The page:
Perkins, who goes by “Terry” to people familiar with him, has always had a flair for understated revelations. He did something similar when he announced his appointment to the bench in Flagler. He was at the Hilton Garden Inn in Palm Coast in March 2018, one of seven judges appearing at a forum as they were all running for election at the time, when Perkins upstaged the event with his news: he’d be starting as Flagler’s felony judge that June. Zambrano, who was chief judge at the time and would still influence Flagler’s judicial fate, had asked him if he was willing to take the assignment. Perkins said he’d do it “in a Minnesota minute.” Perkins had just turned 62 at the time.
The courthouse in Flagler had been in a bit of turmoil, with Zambrano ordering then-Judge Scott DuPont out of the courthouse after DuPont had served as Flagler’s family court judge (the Supreme Court eventually ordered him removed from office for a series of improprieties on the bench and on the campaign trail). Flagler’s felony bench had seen five changes since Hammond’s retirement in 2010, including two stints by Craig, and on the county court side, Distler was perennially overworked and hoping for help. (The Legislature finally heard her, creating the second county judgeship.)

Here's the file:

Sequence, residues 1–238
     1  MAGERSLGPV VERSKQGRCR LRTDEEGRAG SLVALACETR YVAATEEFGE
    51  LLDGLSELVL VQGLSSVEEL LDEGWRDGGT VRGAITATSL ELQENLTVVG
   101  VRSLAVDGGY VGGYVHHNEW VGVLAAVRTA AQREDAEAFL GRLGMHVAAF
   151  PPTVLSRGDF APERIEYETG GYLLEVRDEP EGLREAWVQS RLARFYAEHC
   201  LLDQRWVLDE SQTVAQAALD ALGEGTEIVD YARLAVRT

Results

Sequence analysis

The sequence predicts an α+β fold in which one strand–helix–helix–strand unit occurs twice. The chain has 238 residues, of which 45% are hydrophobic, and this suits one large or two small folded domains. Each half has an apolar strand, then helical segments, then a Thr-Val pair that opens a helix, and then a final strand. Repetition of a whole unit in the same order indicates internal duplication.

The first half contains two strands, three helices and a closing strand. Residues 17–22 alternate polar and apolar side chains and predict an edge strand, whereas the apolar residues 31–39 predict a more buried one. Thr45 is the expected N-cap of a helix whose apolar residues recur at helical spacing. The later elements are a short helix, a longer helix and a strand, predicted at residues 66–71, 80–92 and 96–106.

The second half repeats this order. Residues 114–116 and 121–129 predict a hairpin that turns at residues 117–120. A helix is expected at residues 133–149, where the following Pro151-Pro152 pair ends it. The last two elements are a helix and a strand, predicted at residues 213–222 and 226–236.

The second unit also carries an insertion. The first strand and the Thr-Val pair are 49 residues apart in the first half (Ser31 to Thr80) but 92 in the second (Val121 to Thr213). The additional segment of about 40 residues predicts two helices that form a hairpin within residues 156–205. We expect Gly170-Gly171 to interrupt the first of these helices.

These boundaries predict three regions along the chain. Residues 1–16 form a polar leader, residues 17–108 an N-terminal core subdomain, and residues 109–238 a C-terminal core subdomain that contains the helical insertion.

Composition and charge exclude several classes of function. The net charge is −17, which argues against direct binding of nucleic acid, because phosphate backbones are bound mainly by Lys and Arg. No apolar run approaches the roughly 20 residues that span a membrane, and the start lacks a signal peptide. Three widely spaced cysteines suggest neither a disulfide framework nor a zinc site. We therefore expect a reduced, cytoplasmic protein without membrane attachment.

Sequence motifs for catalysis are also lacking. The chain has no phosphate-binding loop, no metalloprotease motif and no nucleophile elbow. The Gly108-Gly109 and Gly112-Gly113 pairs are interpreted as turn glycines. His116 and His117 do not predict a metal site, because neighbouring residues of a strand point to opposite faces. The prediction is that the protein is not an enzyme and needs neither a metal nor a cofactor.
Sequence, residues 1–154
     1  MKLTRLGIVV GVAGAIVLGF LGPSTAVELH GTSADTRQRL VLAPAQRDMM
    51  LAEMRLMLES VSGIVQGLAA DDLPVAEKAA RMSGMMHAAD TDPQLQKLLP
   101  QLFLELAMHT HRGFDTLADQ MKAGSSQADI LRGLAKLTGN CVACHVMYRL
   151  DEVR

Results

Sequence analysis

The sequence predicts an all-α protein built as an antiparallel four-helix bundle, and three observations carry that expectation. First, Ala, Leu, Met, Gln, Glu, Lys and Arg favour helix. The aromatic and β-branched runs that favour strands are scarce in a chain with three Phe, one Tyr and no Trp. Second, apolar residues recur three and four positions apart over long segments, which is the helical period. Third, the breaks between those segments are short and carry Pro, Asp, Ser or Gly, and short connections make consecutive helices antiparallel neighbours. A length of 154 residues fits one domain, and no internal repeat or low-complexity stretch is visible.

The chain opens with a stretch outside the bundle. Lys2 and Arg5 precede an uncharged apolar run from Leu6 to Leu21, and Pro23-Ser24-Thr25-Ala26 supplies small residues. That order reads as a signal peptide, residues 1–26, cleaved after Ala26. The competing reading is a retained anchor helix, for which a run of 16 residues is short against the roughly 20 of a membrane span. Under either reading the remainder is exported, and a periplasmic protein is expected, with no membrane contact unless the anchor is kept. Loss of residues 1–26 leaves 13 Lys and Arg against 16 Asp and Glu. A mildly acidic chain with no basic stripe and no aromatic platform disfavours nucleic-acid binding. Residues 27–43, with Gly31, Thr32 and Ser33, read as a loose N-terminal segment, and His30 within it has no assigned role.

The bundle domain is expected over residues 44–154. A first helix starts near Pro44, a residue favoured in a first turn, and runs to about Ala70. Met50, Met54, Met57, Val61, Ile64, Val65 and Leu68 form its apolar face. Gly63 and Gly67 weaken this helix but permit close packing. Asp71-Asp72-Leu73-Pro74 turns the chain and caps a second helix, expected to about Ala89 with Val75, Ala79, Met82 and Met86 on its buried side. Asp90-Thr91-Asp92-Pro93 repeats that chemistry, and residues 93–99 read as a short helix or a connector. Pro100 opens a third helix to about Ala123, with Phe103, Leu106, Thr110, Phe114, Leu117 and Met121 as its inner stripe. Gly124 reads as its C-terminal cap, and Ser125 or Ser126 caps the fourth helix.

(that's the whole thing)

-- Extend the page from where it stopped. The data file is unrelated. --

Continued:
So Perkins, a docket workhorse by nature, had some work to do. His tenure has been as steady–and studied–as his courtroom temperament, returning the courthouse to business without drama, and, aside from the inevitable attention of high-profile cases or covid’s frustrations, making news only of the better kind, as when the Flagler courthouse was first in the state to resume in-person trials during a covid pandemic lull, or when he drew lawyers’ praise for the courthouse’s crisp remote technology, allowing hearing and trial attendance by zoom. That’s continuing even as all proceedings have resumed in person.